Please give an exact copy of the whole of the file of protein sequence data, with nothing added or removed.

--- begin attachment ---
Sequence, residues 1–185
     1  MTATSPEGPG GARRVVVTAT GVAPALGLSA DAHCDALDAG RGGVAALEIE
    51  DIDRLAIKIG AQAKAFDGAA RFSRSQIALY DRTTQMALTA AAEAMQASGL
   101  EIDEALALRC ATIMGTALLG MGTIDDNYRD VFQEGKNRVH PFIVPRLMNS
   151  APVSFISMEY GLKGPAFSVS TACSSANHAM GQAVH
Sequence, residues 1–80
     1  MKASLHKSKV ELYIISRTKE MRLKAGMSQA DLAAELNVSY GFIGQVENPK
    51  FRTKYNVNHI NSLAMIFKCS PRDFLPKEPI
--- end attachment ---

Sequence, residues 1–185
     1  MTATSPEGPG GARRVVVTAT GVAPALGLSA DAHCDALDAG RGGVAALEIE
    51  DIDRLAIKIG AQAKAFDGAA RFSRSQIALY DRTTQMALTA AAEAMQASGL
   101  EIDEALALRC ATIMGTALLG MGTIDDNYRD VFQEGKNRVH PFIVPRLMNS
   151  APVSFISMEY GLKGPAFSVS TACSSANHAM GQAVH
Sequence, residues 1–80
     1  MKASLHKSKV ELYIISRTKE MRLKAGMSQA DLAAELNVSY GFIGQVENPK
    51  FRTKYNVNHI NSLAMIFKCS PRDFLPKEPI